Chisholm v. Georgia


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Chisholm v. Georgia
(Abridged)

By The Supreme Court of the United States of America

1793

[The Supreme Court of the United States of America. Chisholm v. Georgia. 1793. 2  U.S. 2 Dall. 419 (1793). In the Public Domain.]


 

Wilson, Justice—This is a case of uncommon magnitude. One of the parties to it is a State, certainly respectable, claiming to be sovereign. The question to be determined is, whether this state, so respectable, and whose claim soars so high, is amenable to the jurisdiction of the supreme court of the United States? This question, important in itself, will depend on others, more important still. . . .

 

. . .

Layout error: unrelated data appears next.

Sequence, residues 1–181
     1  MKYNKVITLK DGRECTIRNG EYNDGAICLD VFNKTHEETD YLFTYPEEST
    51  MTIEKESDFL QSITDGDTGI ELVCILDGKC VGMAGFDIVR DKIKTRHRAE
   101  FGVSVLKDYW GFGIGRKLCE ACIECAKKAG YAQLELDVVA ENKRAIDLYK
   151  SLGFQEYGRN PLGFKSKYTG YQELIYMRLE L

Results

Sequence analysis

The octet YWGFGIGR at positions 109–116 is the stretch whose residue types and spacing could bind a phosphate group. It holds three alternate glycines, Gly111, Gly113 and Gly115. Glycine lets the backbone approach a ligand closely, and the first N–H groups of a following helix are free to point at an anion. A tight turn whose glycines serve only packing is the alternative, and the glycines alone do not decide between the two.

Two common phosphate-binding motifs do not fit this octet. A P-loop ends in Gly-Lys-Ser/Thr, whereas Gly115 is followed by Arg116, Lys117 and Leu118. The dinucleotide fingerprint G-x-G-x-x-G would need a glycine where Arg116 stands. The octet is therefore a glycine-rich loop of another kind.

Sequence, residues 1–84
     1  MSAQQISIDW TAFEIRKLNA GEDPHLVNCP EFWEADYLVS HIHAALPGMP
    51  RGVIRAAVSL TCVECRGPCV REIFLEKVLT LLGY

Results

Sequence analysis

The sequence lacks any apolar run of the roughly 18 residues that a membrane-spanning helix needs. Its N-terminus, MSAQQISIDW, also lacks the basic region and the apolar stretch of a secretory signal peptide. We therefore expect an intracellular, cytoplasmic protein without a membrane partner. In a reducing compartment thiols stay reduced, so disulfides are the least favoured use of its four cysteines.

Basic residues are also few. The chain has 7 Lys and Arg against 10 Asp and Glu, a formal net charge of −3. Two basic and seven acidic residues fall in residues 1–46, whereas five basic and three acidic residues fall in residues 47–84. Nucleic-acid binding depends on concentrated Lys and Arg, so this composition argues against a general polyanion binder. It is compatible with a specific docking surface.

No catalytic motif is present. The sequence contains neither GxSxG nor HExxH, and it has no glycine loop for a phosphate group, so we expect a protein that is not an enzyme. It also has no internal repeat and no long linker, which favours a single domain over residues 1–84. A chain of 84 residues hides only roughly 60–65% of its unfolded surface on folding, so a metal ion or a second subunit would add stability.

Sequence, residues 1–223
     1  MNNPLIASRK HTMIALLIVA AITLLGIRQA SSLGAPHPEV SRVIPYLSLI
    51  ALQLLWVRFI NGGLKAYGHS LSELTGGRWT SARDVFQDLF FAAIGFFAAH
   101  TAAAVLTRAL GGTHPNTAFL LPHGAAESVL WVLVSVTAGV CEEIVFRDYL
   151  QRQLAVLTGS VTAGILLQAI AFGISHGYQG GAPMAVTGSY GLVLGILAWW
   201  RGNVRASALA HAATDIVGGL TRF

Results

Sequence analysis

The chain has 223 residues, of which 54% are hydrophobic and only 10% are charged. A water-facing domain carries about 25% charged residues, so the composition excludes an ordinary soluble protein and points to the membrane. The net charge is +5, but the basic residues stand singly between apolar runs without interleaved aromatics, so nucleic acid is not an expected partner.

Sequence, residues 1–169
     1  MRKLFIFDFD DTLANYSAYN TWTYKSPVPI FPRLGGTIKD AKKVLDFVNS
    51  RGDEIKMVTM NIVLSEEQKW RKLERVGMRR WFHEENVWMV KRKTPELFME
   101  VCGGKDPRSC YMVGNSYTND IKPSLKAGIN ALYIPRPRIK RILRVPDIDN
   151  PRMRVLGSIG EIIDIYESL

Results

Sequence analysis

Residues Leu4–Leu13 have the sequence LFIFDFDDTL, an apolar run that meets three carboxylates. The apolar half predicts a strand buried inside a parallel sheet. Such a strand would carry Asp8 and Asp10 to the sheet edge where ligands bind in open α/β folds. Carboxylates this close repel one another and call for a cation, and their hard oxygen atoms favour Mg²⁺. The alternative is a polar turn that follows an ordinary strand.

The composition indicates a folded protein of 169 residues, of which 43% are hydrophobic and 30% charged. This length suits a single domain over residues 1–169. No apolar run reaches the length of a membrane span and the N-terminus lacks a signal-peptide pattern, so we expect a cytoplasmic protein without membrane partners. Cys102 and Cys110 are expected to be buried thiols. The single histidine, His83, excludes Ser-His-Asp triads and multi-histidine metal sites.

I. I am first to examine this question by the principles of general jurisprudence. What I shall say upon this head, I introduce, by the observation of an original and profound writer, who, on the philosophy of mind, and all the sciences attendant on this prime one, has formed an era not less remarkable, and far more illustrious, than that formed by the justly celebrated Bacon, in another science, not prosecuted with less ability, but less dignified as to its object; I mean the philosophy of nature. Dr. Reid, in his excellent inquiry into the human mind, on the principles of common sense, speaking of the sceptical and illiberal philosophy, which, under bold, but false, pretensions to liberality, prevailed in many parts of Europe before he wrote, makes the following judicious remark: “The language of philosophers, with regard to the original faculties of the mind, is so adapted to the prevailing system, that it cannot fit any other; like the coat that fits the man for whom it was made, and shows him to advantage, which yet will fit very awkward upon one of a different make, although as handsome and well proportioned. It is hardly possible to make any innovation in our philosophy concerning the mind and its operations, without using new words and phrases, or giving a different meaning to those that are received.” With equal propriety, may this solid remark be applied to the great subject, on the principles of which the decision of this court is to be founded. The perverted use of genus and species in logic, and of impressions and ideas in metaphysics, have never done mischief so extensive or so practically pernicious, as has been done by states and sovereigns, in politics and jurisprudence; in the politics and jurisprudence even of those who wished and meant to be free. . . .